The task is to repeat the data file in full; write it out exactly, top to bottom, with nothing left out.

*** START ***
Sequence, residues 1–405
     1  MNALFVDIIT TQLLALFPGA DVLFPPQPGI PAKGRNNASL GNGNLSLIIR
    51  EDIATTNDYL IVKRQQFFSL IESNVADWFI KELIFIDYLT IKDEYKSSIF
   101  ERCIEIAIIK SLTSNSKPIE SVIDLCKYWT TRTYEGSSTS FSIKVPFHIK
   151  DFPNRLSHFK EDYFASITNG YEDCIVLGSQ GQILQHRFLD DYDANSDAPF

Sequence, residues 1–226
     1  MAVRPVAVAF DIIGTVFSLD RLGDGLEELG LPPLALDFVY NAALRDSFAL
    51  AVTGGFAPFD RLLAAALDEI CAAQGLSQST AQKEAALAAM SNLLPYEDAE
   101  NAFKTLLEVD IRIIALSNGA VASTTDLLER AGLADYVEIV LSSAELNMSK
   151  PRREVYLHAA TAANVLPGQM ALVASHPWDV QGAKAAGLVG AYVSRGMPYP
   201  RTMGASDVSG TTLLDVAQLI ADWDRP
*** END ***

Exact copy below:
Sequence, residues 1–405
     1  MNALFVDIIT TQLLALFPGA DVLFPPQPGI PAKGRNNASL GNGNLSLIIR
    51  EDIATTNDYL IVKRQQFFSL IESNVADWFI KELIFIDYLT IKDEYKSSIF
   101  ERCIEIAIIK SLTSNSKPIE SVIDLCKYWT TRTYEGSSTS FSIKVPFHIK
   151  DFPNRLSHFK EDYFASITNG YEDCIVLGSQ GQILQHRFLD DYDANSDAPF

Sequence, residues 1–226
     1  MAVRPVAVAF DIIGTVFSLD RLGDGLEELG LPPLALDFVY NAALRDSFAL
    51  AVTGGFAPFD RLLAAALDEI CAAQGLSQST AQKEAALAAM SNLLPYEDAE
   101  NAFKTLLEVD IRIIALSNGA VASTTDLLER AGLADYVEIV LSSAELNMSK
   151  PRREVYLHAA TAANVLPGQM ALVASHPWDV QGAKAAGLVG AYVSRGMPYP
   201  RTMGASDVSG TTLLDVAQLI ADWDRP